In Brazil, there are some airports - non towered, operated by radio stations - which give information such as wind direction/intensity and temperature and QNH. Based on this information, the pilot decides on which runway they will land or take off, and relays this message to the radio operator. The operator will only relay these pieces of information to pilots monitoring the radio frequency.

Those airports are not controlled, then, if there is any strike, flying visually, no control will be effective.

For example, ARU/SBAU is a non towered airport, and TAM Airlines operates the A320F there.

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  • $\begingroup$ The question specifically asks about commercial traffic and big (737/A320 and up) jets, yet your answer doesn't specifically indicate that these type of aircraft operate at the airfields you've described. In the US, there are hundreds of small, untowered GA airfields, but they don't see regular, scheduled service by larger pax aircraft like the 737/A320. If you simply left those details out of your answer, adding them in will make it much more complete, otherwise, it doesn't really seem to address the question. $\endgroup$ – FreeMan Apr 12 '16 at 12:35
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    $\begingroup$ Yes, I have answered according to the question. For example: ARU does not have a tower, and TAM Airlines operate there with A320F. $\endgroup$ – eduardoguilherme Apr 12 '16 at 12:36
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    $\begingroup$ Fantastic, the addition of that last sentence makes this a great answer! Though, I don't think Brazil is part of EASA is it? ;) $\endgroup$ – FreeMan Apr 12 '16 at 12:47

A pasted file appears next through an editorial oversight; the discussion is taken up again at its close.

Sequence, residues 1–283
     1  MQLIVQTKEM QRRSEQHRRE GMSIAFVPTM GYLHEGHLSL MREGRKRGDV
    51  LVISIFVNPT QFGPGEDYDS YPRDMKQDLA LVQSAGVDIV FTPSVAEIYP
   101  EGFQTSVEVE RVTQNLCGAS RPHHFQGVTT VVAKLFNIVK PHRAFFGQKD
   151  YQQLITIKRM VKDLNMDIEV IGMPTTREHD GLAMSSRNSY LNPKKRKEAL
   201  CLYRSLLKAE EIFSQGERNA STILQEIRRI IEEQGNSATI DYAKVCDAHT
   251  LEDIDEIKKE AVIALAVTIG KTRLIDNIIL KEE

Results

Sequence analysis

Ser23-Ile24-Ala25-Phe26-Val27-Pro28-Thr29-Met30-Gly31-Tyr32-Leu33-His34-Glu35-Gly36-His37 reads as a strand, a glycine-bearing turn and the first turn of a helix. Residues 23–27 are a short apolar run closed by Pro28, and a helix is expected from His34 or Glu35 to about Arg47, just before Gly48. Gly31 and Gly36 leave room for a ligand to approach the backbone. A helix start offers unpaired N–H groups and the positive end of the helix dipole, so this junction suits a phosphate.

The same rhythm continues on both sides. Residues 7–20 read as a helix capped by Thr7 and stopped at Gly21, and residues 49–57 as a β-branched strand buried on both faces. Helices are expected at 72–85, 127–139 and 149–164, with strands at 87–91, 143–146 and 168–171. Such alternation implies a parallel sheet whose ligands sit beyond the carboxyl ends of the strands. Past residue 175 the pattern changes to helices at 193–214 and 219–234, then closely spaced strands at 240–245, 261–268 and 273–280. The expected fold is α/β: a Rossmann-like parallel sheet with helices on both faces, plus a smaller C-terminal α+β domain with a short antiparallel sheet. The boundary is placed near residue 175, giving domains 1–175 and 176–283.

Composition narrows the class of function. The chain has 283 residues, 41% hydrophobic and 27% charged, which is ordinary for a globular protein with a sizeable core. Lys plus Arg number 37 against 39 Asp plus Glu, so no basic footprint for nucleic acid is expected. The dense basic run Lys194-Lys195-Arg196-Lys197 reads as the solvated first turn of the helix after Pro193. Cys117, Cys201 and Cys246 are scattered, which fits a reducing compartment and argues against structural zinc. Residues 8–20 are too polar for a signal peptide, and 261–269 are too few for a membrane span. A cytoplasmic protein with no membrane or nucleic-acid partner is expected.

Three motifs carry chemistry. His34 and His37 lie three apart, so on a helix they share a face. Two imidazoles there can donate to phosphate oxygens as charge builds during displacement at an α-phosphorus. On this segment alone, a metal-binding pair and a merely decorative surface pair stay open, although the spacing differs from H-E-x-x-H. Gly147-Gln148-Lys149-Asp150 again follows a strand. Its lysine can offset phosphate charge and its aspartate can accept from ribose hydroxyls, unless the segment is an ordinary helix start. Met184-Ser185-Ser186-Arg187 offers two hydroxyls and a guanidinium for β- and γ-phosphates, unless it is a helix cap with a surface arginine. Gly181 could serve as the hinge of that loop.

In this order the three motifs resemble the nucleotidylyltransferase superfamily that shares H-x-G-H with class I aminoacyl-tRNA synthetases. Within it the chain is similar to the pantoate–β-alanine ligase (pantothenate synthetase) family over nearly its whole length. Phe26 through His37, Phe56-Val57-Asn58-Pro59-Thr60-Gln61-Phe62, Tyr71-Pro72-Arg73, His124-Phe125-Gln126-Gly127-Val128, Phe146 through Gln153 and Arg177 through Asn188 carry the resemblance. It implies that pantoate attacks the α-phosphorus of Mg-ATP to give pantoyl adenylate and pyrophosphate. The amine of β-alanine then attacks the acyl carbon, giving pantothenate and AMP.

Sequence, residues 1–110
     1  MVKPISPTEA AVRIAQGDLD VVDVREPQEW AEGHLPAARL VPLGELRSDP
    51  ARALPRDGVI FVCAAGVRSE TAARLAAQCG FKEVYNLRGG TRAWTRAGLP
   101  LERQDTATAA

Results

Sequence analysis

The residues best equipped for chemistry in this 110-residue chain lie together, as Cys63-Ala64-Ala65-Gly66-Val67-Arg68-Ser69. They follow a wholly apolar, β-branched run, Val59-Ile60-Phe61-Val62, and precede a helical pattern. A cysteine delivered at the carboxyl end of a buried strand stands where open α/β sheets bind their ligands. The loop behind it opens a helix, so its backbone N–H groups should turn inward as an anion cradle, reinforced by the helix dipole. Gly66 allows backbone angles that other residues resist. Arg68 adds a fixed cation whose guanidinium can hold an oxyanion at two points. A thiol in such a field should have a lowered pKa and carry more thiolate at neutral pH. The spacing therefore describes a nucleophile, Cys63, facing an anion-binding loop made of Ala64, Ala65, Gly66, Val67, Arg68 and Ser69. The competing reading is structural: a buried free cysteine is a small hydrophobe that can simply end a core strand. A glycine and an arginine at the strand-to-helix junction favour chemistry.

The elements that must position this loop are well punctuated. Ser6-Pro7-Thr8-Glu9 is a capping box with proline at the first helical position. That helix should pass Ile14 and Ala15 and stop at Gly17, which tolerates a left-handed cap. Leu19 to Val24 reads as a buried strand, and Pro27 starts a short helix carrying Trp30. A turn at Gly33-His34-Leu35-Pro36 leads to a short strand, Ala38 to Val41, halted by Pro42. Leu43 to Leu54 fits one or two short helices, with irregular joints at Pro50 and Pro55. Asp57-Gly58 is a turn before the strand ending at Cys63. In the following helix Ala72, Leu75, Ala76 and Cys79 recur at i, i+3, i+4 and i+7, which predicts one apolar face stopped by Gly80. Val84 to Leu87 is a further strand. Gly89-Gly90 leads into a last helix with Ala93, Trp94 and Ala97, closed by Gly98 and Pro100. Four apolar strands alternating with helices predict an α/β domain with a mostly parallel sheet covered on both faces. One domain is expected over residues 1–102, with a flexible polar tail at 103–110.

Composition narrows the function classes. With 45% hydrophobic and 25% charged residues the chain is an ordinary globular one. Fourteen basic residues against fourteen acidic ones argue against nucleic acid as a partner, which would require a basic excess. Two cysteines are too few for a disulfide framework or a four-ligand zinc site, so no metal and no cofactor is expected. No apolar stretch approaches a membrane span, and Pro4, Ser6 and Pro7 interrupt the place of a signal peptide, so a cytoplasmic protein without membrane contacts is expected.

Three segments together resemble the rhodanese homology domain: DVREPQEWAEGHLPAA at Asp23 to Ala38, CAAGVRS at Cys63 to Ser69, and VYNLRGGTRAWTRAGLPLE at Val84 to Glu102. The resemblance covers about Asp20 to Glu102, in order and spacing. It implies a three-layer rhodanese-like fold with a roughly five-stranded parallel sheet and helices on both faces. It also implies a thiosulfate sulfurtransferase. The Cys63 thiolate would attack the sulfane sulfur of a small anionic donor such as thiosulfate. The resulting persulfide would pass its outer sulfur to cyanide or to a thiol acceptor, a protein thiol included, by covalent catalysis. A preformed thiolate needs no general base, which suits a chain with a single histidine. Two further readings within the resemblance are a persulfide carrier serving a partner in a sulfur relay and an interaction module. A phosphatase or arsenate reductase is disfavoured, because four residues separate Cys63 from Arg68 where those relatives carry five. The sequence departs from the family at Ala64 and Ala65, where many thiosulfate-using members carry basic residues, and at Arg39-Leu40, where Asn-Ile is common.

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    $\begingroup$ Sorry, guys, I'm kinda old school. When I grew up, a smilie indicated sarcasm. I'm fully aware that Brazil isn't anywhere near Europe. (At least, in a regulatory sense - with these wonderful flying contraptions, it's less than a day's travel away, and that's not far at all!) $\endgroup$ – FreeMan Apr 12 '16 at 19:38
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    $\begingroup$ In Finland, which is an EASA member, we have AFIS airports, where carriers operate regularly. AFIS is not an air traffic control, but offers information service. Airspace classification is G+. $\endgroup$ – Sami Apr 14 '16 at 9:43
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American Airlines operates an A319 seasonally from DFW to Gunnison (KGUC), which is an uncontrolled airport. There are probably many other similar examples.

An airline flight arriving at an uncontrolled field operates just like any other aircraft: it will almost certainly be IFR and fly an instrument approach, or a visual approach if conditions allow it. Radio calls, pattern etc. should be the same as for any other aircraft arriving IFR at an uncontrolled airport.

The airline's OpSpec might have some specific procedures for uncontrolled airports, but otherwise it's just another aircraft.

Controllers going on strike is a totally different scenario; you might want to ask about that separately.

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Any plane can land at any airport as long as the runway is long enough. There is no regulation saying that a 737 cannot land at a non-controlled airport. All of the commercial pilots that have had their training in the private sector have had to land at non controlled airports. I say all, but I'm sure there are some exceptions. Let's just say most. It is no big deal.